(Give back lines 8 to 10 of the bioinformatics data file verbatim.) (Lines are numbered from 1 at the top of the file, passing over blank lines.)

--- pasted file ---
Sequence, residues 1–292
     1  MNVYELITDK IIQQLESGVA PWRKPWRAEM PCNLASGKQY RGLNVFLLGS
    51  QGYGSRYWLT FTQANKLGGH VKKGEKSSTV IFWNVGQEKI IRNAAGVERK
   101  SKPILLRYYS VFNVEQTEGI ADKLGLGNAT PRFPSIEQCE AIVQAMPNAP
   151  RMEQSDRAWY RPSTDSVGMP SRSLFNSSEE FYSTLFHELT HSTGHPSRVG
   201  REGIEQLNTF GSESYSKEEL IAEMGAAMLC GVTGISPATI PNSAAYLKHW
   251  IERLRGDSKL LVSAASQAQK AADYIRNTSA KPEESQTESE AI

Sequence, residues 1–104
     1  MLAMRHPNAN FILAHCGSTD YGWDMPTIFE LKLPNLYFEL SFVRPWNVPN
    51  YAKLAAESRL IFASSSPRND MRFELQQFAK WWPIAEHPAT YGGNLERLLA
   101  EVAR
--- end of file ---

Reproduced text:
Sequence, residues 1–104
     1  MLAMRHPNAN FILAHCGSTD YGWDMPTIFE LKLPNLYFEL SFVRPWNVPN
    51  YAKLAAESRL IFASSSPRND MRFELQQFAK WWPIAEHPAT YGGNLERLLA